Catholic University Law Review


Amanda Reid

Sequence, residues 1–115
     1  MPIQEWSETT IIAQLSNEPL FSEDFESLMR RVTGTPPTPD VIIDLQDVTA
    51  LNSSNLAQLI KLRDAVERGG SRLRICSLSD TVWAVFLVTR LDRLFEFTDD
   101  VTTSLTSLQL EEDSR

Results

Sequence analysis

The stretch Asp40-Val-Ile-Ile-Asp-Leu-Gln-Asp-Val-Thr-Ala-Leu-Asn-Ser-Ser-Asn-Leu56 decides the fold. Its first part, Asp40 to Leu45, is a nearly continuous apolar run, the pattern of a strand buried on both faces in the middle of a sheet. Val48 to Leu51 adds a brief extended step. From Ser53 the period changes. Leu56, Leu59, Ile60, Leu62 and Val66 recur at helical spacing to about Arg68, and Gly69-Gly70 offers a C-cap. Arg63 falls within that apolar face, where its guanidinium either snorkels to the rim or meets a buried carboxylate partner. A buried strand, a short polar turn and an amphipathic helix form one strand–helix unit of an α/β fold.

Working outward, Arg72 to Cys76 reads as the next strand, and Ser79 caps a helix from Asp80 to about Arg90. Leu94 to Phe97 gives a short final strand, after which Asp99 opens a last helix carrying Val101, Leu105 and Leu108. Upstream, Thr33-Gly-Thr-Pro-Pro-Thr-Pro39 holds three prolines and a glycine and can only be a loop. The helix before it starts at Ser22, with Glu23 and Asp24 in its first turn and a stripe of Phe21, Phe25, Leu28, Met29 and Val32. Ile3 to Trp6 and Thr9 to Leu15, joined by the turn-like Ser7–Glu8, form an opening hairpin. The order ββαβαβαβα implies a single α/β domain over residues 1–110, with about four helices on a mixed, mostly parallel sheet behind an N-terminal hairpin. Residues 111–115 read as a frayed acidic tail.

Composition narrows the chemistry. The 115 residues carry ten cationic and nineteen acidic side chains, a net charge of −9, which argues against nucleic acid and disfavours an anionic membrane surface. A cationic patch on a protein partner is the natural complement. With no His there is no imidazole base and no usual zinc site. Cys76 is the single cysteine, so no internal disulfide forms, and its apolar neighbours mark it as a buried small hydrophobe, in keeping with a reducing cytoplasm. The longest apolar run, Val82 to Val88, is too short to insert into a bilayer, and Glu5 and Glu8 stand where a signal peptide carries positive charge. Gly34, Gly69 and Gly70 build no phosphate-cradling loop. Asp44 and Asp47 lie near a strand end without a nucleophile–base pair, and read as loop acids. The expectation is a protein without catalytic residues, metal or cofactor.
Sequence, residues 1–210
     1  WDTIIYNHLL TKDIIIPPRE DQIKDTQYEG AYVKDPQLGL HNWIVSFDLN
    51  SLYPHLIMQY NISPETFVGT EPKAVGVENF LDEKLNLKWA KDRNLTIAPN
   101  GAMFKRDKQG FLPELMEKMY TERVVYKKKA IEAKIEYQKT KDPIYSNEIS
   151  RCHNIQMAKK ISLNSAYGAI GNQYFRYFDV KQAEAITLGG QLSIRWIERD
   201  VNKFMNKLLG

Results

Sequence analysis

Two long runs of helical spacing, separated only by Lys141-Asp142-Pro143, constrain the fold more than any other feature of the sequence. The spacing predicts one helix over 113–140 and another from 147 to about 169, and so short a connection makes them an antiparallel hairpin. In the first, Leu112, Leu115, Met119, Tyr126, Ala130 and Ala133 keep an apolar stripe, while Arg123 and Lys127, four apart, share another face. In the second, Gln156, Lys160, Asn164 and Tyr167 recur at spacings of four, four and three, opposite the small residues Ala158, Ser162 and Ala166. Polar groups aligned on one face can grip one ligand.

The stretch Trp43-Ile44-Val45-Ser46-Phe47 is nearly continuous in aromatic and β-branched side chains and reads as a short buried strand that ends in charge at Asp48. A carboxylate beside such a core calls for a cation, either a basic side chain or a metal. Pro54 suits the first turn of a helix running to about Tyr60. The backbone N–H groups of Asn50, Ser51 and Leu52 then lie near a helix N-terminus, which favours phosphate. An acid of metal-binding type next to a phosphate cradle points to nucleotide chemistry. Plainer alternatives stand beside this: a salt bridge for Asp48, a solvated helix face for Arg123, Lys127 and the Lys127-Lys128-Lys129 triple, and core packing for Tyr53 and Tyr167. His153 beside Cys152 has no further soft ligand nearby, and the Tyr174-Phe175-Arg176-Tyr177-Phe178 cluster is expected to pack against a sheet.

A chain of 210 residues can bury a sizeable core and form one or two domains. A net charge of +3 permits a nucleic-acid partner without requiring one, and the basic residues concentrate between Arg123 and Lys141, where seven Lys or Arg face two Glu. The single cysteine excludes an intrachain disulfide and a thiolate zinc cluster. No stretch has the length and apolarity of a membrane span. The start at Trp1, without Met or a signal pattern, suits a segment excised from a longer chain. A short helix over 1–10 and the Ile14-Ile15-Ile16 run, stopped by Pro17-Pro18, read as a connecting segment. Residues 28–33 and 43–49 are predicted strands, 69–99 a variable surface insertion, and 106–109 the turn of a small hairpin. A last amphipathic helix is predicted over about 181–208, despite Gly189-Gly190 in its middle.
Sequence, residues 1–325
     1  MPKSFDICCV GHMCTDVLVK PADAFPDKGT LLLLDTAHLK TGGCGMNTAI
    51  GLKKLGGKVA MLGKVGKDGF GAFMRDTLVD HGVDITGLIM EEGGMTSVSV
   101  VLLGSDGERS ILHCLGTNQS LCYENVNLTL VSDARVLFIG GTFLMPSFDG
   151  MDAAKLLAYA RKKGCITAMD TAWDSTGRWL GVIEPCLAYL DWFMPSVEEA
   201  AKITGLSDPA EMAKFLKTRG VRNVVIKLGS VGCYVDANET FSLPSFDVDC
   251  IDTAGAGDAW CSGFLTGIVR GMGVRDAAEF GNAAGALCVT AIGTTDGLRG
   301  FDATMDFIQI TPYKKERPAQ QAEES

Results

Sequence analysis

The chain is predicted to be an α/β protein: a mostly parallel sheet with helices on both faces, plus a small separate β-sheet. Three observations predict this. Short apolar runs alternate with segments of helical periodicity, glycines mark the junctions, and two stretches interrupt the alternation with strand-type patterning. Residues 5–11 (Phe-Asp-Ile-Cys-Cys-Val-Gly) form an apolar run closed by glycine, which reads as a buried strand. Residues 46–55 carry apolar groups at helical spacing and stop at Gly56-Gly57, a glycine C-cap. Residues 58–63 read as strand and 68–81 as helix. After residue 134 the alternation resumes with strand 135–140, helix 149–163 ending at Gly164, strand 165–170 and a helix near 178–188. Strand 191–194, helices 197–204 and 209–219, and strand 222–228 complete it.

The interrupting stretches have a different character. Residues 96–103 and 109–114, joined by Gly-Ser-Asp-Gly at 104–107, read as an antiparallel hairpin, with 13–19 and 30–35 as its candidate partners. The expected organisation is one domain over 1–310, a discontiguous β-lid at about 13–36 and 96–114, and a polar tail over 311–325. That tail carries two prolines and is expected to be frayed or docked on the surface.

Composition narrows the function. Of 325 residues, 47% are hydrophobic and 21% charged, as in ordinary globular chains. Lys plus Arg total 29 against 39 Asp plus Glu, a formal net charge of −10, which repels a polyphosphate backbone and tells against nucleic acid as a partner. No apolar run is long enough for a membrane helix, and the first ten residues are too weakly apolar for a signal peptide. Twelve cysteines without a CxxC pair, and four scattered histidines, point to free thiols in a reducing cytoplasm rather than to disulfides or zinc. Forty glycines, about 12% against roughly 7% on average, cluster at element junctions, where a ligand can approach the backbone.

At its core, copyright is an innovation policy, a competition policy, and a free expression policy. Copyright seeks to balance incentivizing a public good with providing a private interest. Copyright’s purpose to catalyze creative expression and innovation is canonical; creativity and innovation are synergetic. Copyright is a means of promoting progress; copyright is not an end in itself. Much like freedom of expression and new innovations are not ends in themselves, copyright protection is not for its own sake. Freedom of expression is often heralded as a means of fostering democratic self-governance, truth, and happiness. Innovation is seen as a means of fostering economic growth, prosperity, development, and happiness. Similarly, copyright is a means of fostering human progress and enriching the public domain from which others can freely draw. The ultimate beneficiary of copyright policy should be the public interest. This Article offers a broad-minded assessment of copyright policy’s effects on innovation and free expression before offering some sensible areas for reform.